Researchers Discover Way to Hack Hardware Security Module, Gain Access to Cryptographic Keys

Everyone be cool, this is one heckuva robbery!

Larry Loeb, Blogger, Informationweek

June 11, 2019

3 Min Read

Ledger researchers Gabriel Campana and Jean-Baptiste Bédrune of the crypto-hardware wallet Ledger announced at the annual French security conference SSTIC they had found a way to remotely hijack a hardware security module (HSM). They show how an attacker could gain complete access to the keys and secrets stored on the HSM.

Their paper, "Everybody be cool, this is a robbery!", is in French, but the researchers announced that they will be presenting at Black Hat in August in English.

As the authors pointed out in their Black Hat announcement, "HSMs are widely used by cryptocurrency exchanges to secure crypto assets, by banks to protect cryptographic keys and customer PINs, and by telecommunications operators to manage SIM secrets. Basically, HSMs generate, store and protect cryptographic keys and rely on software and hardware mechanisms to prevent secrets from being stolen."

As far as the revelations go, they also say in the presentation announcement that; "It will demonstrate several attack paths, some of them allowing unauthenticated attackers to take full control of the HSM. The presented attacks allow retrieving all HSM secrets remotely, including cryptographic keys and administrator credentials. Finally, we exploit a cryptographic bug in the firmware signature verification to upload a modified firmware to the HSM. This firmware includes a persistent backdoor that survives a firmware update."

Everyone be cool, this is one heckuva robbery!

The bilingual team at Cryptosense have translated a brief summary of the methods used, and published them in English.

Cryptosense summarized the attack this way:

  • "They started by using legitimate SDK access to their test HSM to upload a firmware module that would give them a shell inside the HSM. Note that this SDK access was used to discover the attacks, but is not necessary to exploit them.

They then used the shell to run a fuzzer on the internal implementation of PKCS#11 commands to find reliable, exploitable buffer overflows.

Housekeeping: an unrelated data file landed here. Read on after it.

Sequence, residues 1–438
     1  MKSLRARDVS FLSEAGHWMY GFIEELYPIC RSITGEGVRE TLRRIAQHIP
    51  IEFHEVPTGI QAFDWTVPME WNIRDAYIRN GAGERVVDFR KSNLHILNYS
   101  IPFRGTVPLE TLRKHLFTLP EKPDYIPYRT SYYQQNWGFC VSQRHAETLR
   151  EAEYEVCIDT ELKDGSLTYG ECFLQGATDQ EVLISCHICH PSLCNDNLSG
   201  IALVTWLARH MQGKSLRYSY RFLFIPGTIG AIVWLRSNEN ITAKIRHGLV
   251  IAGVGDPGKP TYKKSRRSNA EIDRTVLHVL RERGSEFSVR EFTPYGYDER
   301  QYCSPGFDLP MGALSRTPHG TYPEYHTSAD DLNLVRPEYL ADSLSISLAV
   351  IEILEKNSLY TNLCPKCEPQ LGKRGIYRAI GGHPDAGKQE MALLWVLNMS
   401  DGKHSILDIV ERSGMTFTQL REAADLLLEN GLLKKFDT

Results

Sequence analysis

They checked they could exploit these buffer overflows from outside the HSM, i.e. by just calling the PKCS#11 driver from the host machine

They then wrote a payload that would override access control and, via another issue in the HSM, allow them to upload arbitrary (unsigned) firmware. It's important to note that this backdoor is persistent – a subsequent update will not fix it.

They then wrote a module that would dump all the HSM secrets, and uploaded it to the HSM."

The HSM module manufacturer (who is not named in the paper) has been notified, and some sort of patch is available from them.

What worries the Cryptosense team most is that a well-funded vulnerability research team at state-level intelligence agencies could have carried out similar work and already discovered this attack. Because it leaves an unfixable backdoor, such hijackers could currently be in deployment.

This HSM attack must cause rethinking and replanning of all HSM usage. If the very function of an HSM has been bypassed and can not be assured to function in the future, the reason to utilize it in the first place has been negated.

— Larry Loeb has written for many of the last century's major "dead tree" computer magazines, having been, among other things, a consulting editor for BYTE magazine and senior editor for the launch of WebWeek.

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About the Author(s)

Larry Loeb

Blogger, Informationweek

Larry Loeb has written for many of the last century's major "dead tree" computer magazines, having been, among other things, a consulting editor for BYTE magazine and senior editor for the launch of WebWeek. He has written a book on the Secure Electronic Transaction Internet protocol. His latest book has the commercially obligatory title of Hack Proofing XML. He's been online since uucp "bang" addressing (where the world existed relative to !decvax), serving as editor of the Macintosh Exchange on BIX and the VARBusiness Exchange. His first Mac had 128 KB of memory, which was a big step up from his first 1130, which had 4 KB, as did his first 1401. You can e-mail him at [email protected].

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